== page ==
For example, consider an analysis setup where fault-scenarios are specified implicitly by imposing a bound on expected probability of failure of the automotive system (from Safety Integrity Levels), and specifying the probability of occurrence of different faults, and assuming no correlation between faults. In this case a FAULT-VALIDITY-CHECKER may be employed to check if the probability of occurrence of the fault scenario is greater than the desired fault occurrence probability of the system (Psystem). For constructing this example FAULT-VALIDITY-CHECKER block, assuming no correlation between faults, first the smallest probability of a fault occurrence for any operation is obtained (psmallest). Then, for each failure type f, countf=└Spf/psmallest┘ is computed, where S>1 is a scaling factor. Thereafter, for each evaluation of the circuit, the “Fault Validity Checker” computes the sum of all countf for all enabled faults f Then it checks if this sum is less than an upper limit:

┌SPsystem/psmallest┐(Σfisenabledcountf<┌SPsystem/psmallest┐. If this is the case, then “Fault Validity Checker” gives a True output indicating that the fault-scenario is admissible. It may be noted that while └SPf/psmallest┘ underestimates the value of SPf/psmallest, over-approximation of SPsystem/psmallest is provided by ┌SPsystem/psmallest┐. This ensures that this part of the analysis performed by the aforementioned method is over-approximated.

Synthesis of Fault-Tolerant Automotive Systems

The abstraction of quality behavior of an operation as a symbolic lookup table presents several opportunities to devise synthesis algorithms for fault-tolerant automotive systems. As explained above, the quality behavior of individual operations can be modeled as circuits, as can mechanisms for reasoning about the probability of occurrence of fault-scenarios. This allows us to apply available circuit synthesis methods to build circuits by combining sub-circuits corresponding to different operations (along with the sub-circuit for reasoning about probability of occurrence of fault-scenarios). If a circuit with the desired set of output qualities can be synthesized, then replacing quality-abstracting lookup table sub-circuits by the corresponding operations in the topology inferred by the synthesis mechanism yields the function-level model of the desired fault-tolerant automotive system.

The method set forth above allows for the use of either or both of a LUT-based simulation and a discrete LUT-based static analysis method to detect a counterexample, and for reproducing the counterexample in the FT specification 20 of FIG. 1. The counterexample describes a set of fault values in different components of the system, with the fault values causing the system to behave in such a manner as to violate the FT requirements set forth in the FT specification 20. Using the LUT-based static analysis method could include using model checking, Boolean satisfiability solving, Satisfiability Modulo Theory solving, search algorithms, etc.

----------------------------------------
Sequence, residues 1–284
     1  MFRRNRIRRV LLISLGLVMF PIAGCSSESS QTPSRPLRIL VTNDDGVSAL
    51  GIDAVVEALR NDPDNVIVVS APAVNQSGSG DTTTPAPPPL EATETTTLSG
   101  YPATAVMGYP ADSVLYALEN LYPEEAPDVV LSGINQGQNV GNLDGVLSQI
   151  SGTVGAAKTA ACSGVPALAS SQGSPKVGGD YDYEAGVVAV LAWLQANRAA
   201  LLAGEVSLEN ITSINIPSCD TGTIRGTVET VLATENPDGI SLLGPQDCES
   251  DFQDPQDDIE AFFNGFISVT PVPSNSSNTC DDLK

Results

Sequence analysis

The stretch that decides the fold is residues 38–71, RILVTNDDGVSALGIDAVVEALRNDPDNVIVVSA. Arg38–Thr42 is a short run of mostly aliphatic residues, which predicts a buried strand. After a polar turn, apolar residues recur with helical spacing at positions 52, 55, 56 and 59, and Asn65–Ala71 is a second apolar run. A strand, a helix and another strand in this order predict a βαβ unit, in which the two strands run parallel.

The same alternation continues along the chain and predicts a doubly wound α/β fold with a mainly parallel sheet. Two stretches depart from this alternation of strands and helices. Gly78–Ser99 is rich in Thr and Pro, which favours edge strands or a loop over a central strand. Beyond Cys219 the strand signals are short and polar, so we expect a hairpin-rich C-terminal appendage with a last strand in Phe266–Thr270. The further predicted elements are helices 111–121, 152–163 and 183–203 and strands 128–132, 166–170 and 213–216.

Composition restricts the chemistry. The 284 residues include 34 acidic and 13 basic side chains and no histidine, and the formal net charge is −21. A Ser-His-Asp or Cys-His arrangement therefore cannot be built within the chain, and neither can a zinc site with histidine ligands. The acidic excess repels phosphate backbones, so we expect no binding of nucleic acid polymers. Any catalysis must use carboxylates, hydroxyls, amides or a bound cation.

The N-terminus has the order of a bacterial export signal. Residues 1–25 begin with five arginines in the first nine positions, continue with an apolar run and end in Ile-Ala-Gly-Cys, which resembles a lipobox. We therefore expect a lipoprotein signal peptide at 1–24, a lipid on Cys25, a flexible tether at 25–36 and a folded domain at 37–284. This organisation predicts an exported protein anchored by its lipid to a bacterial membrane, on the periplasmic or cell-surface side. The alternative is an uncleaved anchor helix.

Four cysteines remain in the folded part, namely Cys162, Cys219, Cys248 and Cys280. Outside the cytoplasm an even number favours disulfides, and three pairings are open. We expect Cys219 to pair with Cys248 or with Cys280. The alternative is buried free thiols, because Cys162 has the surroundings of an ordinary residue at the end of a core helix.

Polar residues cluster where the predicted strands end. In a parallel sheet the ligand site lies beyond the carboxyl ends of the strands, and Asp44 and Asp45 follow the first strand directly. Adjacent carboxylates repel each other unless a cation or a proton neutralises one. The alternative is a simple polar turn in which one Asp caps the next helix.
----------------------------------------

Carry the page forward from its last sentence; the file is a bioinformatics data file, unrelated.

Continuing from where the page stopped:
As used herein, the term “counterexample”, in the FT context, is a set of values of faults in different components, e.g., amplitude of noise, shift, and/or the number of spikes at the sensors 12 of FIG. 1, number of spikes at the various software blocks in the model 10 of FIG. 1, etc., which causes the evaluated system to behave in a manner which violates the FT requirements captured as a functional specification. For example, if there is a noise level of 5% on the output of sensor 1 in FIG. 1, and there is 1% shift on the output of OP5 in the same figure, then the final output has a shift of 12%. If the functional specification of FT requirements were the triplet <final output, 10%, shift>, meaning that the amplitude of shift on “final output” should be less than 10%, then the 12% shift violates this requirement. The counterexample here is “noise of 5% on the output of sensor 1 and 1% shift on the output of OP5”, the condition which drives the system to a faulty behavior as specified by the FT requirements. While reproducing the counter-examples in a native model, the counter-examples may be used to improve the accuracy of the behavioral abstraction of operations-level models to discrete LUTs.

While the best modes for carrying out the invention have been described in detail, those familiar with the art to which this invention relates will recognize various alternative designs and embodiments for practicing the invention within the scope of the appended claims.

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Classifications
U.S. Classification714/29
International ClassificationG06F11/00
Cooperative ClassificationG06F2217/70, G06F17/504
European ClassificationG06F17/50C7